Convergence


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convergence

[kən′vər·jəns]
(anthropology)
Independent development of similarities between unrelated cultures.
(evolution)
Development of similarities between animals or plants of different groups resulting from adaptation to similar habitats.
(electronics)
A condition in which the electron beams of a multibeam cathode-ray tube intersect at a specified point, such as at an opening in the shadow mask of a three-gun color television picture tube; both static convergence and dynamic convergence are required.
(geology)
Diminution of the interval between geologic horizons.
(hydrology)
The line of demarcation between turbid river water and clear lake water.
(mathematics)
The property of having a limit for infinite series, sequences, products, and so on.
(meteorology)
The increase in wind setup observed beyond that which would take place in an equivalent rectangular basin of uniform depth, caused by changes in platform or depth.
(neuroscience)
The coming together of a group of afferent nerves upon a motoneuron of the ventral horn of the spinal cord.
(oceanography)
A condition in the ocean in which currents or water masses having different densities, temperatures, or salinities meet; results in the sinking of the colder or more saline water.
(physics)
The intersection of light beams or particles within a small region, or the narrowing of a single beam so that it passes through a small region.

Convergence

 

in biology, the evolutionary development of similar characteristics by organisms of distantly related groups; the acquisition of a similar structure as a result of similar environments and parallel natural selection. Owing to convergence, organs that perform the same function in different organisms acquire a similar structure. An example is the convergent resemblance of the shape of the body and fins of the extinct marine reptile ichthyosaurus, the mammal dolphin, and fish. The resemblances resulting from convergent evolution are superficial.

A. A. MAKHOTIN


Convergence

 

in linguistics, the assimilation of elements of a language (for example, sounds) or various languages (the opposite of divergence).

Convergence of sounds often leads to the coincidence of two former phonemes in one; in some instances this is accounted for by a physical change in the sound (for example, the coincidence of the Proto-Germanic phonemes [θ] and [t] in the phoneme [t] in the Scandinavian languages: Swedish torn, English thorn); in others it is caused only by the internal reconstruction of the phonological system (for example, the coincidence of Russian [t] and [y] in one phoneme as a result of phonemization of the opposition of hard and soft consonants).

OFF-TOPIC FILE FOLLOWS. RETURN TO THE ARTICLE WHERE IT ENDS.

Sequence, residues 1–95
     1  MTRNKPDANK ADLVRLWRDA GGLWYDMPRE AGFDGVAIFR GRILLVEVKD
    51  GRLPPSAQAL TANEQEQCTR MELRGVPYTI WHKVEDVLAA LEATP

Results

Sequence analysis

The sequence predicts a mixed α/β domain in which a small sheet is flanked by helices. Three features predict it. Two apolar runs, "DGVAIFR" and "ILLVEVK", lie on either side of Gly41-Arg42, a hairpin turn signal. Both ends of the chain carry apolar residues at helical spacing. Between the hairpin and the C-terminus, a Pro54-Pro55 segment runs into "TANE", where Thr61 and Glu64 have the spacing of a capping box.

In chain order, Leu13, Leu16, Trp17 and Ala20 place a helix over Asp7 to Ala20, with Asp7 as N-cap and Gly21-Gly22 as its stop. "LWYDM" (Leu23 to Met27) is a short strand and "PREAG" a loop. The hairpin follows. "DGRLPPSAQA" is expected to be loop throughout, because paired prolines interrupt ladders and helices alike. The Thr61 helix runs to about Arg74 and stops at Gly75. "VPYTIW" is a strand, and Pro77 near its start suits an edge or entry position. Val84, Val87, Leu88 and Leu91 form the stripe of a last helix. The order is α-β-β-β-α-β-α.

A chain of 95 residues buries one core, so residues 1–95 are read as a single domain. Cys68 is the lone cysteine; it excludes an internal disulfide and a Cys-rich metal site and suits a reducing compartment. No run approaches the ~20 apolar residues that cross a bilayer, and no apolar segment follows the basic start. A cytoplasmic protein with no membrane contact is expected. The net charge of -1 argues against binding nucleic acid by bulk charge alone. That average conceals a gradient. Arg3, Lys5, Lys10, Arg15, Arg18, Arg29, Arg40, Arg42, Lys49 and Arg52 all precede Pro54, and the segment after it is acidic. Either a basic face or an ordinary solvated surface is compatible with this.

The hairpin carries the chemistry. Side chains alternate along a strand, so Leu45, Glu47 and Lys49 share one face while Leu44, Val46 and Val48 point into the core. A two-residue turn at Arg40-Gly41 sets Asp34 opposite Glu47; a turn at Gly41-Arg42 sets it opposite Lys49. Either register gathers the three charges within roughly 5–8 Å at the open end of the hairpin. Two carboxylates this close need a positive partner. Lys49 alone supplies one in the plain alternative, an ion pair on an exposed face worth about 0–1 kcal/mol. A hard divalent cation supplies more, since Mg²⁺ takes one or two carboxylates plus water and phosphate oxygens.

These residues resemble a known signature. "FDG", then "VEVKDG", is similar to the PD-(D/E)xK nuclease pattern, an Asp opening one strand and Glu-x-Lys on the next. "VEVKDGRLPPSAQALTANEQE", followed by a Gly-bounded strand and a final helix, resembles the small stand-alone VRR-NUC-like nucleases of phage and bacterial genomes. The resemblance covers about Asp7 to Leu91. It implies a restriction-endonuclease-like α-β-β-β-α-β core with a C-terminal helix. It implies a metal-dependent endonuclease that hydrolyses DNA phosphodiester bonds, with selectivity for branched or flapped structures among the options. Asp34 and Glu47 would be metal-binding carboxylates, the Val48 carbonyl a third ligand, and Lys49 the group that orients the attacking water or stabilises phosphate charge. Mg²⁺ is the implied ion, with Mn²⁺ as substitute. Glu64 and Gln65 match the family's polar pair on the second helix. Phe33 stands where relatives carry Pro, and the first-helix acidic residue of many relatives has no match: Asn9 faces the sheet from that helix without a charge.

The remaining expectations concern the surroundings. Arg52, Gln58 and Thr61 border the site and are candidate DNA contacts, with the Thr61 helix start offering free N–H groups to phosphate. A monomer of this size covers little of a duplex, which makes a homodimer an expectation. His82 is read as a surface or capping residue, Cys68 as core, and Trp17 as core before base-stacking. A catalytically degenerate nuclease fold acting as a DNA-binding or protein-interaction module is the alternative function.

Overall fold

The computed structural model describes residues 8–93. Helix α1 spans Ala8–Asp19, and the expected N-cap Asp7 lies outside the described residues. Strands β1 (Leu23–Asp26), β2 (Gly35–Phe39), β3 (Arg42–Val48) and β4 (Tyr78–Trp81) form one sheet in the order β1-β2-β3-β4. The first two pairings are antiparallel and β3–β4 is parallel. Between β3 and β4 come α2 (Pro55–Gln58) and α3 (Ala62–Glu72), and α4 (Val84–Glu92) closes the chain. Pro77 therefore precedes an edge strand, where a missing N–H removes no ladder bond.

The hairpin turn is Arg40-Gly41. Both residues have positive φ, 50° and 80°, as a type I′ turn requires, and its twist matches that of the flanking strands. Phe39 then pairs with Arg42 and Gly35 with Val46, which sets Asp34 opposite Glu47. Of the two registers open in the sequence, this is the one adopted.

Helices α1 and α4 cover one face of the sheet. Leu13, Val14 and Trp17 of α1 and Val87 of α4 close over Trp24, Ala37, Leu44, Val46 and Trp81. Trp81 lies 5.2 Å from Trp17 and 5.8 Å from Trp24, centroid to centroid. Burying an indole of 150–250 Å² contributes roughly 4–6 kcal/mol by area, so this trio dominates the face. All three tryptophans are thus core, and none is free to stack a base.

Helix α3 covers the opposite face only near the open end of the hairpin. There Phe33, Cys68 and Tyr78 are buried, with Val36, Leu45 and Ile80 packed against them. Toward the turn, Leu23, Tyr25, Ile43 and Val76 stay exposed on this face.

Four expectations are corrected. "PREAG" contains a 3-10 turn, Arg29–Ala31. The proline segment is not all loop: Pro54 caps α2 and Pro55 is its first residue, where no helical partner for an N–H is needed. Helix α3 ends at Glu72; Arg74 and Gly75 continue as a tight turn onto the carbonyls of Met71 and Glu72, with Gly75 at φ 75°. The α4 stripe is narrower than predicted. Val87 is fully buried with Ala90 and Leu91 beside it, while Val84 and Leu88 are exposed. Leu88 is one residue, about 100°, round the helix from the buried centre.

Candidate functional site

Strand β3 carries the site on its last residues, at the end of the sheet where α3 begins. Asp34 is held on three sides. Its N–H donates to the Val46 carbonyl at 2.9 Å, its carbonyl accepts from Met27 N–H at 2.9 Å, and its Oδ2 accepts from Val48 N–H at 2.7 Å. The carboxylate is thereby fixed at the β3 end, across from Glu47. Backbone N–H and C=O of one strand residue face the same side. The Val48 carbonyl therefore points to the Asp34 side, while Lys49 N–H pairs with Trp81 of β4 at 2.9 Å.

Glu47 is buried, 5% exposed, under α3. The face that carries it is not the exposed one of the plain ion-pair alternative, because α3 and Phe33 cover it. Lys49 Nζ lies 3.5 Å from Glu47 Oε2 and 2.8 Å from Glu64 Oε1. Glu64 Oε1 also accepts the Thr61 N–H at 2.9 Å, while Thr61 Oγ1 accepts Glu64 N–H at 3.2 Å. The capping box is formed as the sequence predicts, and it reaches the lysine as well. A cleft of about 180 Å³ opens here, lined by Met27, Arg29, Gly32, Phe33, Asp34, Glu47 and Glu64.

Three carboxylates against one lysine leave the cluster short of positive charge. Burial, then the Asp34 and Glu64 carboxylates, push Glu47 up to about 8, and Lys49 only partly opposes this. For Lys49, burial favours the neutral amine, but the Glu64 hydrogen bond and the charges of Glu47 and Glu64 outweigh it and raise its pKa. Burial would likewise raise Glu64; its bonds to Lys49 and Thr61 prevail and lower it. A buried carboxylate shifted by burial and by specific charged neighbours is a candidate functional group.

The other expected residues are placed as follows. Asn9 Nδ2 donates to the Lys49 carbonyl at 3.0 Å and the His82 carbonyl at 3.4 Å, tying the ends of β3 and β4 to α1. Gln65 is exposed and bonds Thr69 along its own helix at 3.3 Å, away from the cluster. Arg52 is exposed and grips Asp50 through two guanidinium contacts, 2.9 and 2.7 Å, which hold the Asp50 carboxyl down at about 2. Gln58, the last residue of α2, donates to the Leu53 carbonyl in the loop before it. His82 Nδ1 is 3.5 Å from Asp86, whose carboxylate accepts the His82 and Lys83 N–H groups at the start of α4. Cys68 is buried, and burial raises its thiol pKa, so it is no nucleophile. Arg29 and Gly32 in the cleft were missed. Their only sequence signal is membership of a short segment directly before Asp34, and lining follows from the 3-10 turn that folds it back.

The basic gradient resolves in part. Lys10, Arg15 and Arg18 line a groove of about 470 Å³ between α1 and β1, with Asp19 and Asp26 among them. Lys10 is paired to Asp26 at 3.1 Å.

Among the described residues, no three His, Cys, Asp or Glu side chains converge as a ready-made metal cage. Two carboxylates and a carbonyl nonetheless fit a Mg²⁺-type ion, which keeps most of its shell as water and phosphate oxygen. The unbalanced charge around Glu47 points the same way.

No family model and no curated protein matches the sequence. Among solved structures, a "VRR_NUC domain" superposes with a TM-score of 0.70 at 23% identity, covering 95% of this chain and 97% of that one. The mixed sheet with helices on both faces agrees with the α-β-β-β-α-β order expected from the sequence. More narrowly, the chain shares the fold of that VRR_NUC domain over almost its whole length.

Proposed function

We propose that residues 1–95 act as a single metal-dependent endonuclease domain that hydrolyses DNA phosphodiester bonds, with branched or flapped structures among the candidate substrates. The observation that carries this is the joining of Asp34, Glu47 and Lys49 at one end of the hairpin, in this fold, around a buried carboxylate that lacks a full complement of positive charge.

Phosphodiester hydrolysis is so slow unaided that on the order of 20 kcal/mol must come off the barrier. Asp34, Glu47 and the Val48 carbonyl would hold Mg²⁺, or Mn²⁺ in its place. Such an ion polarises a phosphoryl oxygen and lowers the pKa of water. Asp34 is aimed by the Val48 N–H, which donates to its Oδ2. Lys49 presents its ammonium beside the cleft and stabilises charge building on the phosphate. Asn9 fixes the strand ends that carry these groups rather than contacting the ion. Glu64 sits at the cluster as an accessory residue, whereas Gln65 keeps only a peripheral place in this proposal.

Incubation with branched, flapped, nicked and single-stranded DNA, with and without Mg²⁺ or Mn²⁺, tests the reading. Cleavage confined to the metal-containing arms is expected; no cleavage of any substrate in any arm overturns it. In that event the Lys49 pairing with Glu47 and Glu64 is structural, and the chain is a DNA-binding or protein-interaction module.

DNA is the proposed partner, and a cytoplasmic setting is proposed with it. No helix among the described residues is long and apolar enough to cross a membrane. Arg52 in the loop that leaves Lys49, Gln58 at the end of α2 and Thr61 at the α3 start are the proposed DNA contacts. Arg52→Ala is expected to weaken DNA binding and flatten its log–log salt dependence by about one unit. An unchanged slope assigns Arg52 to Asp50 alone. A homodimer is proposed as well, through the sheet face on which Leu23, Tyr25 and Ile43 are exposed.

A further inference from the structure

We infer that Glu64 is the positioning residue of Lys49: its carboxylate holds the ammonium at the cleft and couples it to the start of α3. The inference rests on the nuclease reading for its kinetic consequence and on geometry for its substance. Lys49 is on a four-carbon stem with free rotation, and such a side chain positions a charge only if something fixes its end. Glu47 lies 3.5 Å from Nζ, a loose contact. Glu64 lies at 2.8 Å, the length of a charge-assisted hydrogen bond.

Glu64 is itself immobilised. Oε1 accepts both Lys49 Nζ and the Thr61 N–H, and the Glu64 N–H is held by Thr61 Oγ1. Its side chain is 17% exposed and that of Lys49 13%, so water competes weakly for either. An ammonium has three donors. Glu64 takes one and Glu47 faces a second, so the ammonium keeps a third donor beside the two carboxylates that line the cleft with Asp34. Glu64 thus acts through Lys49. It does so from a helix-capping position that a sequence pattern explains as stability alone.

Convergence of languages includes instances of the development by two or several languages of similar characteristics not to be explained by the common origin of these languages, as a result of territorial proximity, cultural ties, and the like.


Convergence

 

in physiology, the coordinated movement of the visual axes of the two eyes toward a fixed object. It occurs as a result of the contraction of the medial rectus oculi and the partial contraction of the superior and inferior recti oculi of both eyes. Convergence is accompanied by contraction of the pupils (miosis) and the tension of accommodation. The unit of convergence is the meter angle, or the angle that the visual line forms with a perpendicular erected from the middle of the bridge of the nose when the eyes are fixed on a point at a distance of 1 m. For example, at two meter angles the eyes converge at a point at a distance of 0.5 m. Intensified convergence when there is considerable farsightedness (presbyopia) and weakened convergence when there is nearsightedness (myopia) may lead to strabismus.


Convergence

 

in mathematics, the property, for a variable quantity, of having a limit. We may speak of the convergence of an infinite sequence, an infinite series, an infinite product, a continued fraction, an integral, and so on. The concept of convergence arises in the study of a mathematical entity, for example, when there can be constructed a sequence of, in some sense, simpler entities that approach the given entity—that is, that have the given entity as their limit. Thus, the sequence of perimeters of regular polygons inscribed in a circle may be used to compute the circumference of the circle, and the sequences of partial sums of the series representing certain functions may be used to compute the values of the functions.

The convergence of a sequence {an}, n = 1,2,..., means that a finite limit exists for the sequence;

In the case of a series

convergence means that the sequence of partial sums